League Champions. FA Cup winners. European pioneers. The litany of Wolverhampton Wanderers' achievements is as golden as their shirts, and Sir Jack Hayward is eager to update it before, as the 80-year-old chairman and owner puts it, "my time runs out". In the meantime he harbours a more prosaic aspiration for Wolves: "To be on the first page of the Premiership table on Ceefax."
That would, of course, mean his beloved club were in the top half of the league that some, including the ultra-patriotic Hayward, it is safe to say, regard as the greatest in the world. To one who spends much of his time scanning television text systems in Britain and surfing the static for "wireless commentaries" at his main home in the Bahamas, opening-page status would be cockle-warming news indeed.
Not that Britain's 231st richest man will settle indefinitely for respectability or survival. He is impatient for the sort of success on which Wolves feasted in the 1950s, yet if he were still young one suspects his ambition for his home-town team would be the same. "We have stay up this season because we must win the title and the Cup in the next few seasons," he says, adding that he is "deadly serious".
Dave Jones, the manager who restored Wolves to the élite division via the play-off final after a 19-year absence, might view such expectations as a tad unrealistic. Consolidation will be the name of his game, starting at Blackburn Rovers on Saturday, although the visit to Ewood Park will merely remind his employer of how canny stewardship and substantial investment can break the mould.
"I had great admiration and fondness for Jack Walker," the Black Country philanthropist says of the Lancashire club's late benefactor. "He was born and bred in the town, as I was in Wolverhampton, and spent his money there. And he had his due reward when they won the championship [in 1995]."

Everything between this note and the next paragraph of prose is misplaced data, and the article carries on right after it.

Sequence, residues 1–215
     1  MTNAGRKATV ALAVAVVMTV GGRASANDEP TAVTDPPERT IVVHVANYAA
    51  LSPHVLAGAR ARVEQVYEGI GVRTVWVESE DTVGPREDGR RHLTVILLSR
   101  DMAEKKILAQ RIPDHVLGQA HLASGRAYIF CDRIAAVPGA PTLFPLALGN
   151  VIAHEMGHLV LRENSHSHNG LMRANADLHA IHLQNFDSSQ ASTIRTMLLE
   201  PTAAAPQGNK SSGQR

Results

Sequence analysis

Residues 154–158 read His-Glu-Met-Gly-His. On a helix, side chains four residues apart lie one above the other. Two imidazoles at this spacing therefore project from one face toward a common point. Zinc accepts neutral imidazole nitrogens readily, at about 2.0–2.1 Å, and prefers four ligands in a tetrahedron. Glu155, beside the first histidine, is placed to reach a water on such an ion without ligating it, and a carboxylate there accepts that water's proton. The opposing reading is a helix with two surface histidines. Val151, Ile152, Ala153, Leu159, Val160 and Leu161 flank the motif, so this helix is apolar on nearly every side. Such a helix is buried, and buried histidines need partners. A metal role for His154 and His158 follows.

Fuelled by tea and surrounded by portraits of royalty - both of the Queen and the Molineux variety as represented by Billy Wright and Stan Cullis - Hayward warms to his theme. "I used to tell Jack and Lionel Pickering [Derby's formerly free-spending chairman]: 'One day the men in white coats are going to take us away. We'll probably share the same padded cell, so we ought to get to know each other'."
The price of his own madness, or devotion, has been upwards of £60m, on stadium and personnel, since buying control in 1990. Wolves were then in the former Second Division, having scraped the foot of the Fourth a few years earlier. It appeared all they had to do to regain their pre-eminence was throw money at the transfer market.
Thirteen years and myriad near-misses, managers and players later, Hayward was at Cardiff's Millennium Stadium in May to watch Wolves contest a Premiership place with Sheffield United. After "the humiliation" 12 months earlier of gifting an automatic promotion to neighbouring West Bromwich Albion, of all teams, he was taking nothing for granted. Even when they led 3-0 at half-time. "I just knew that Sheffield came from 2-0 down to beat Nottingham Forest in the semi-final. In fact, they got a penalty just after the interval. Matt Murray saved it, but if it had gone in, and they'd scored another quickly..."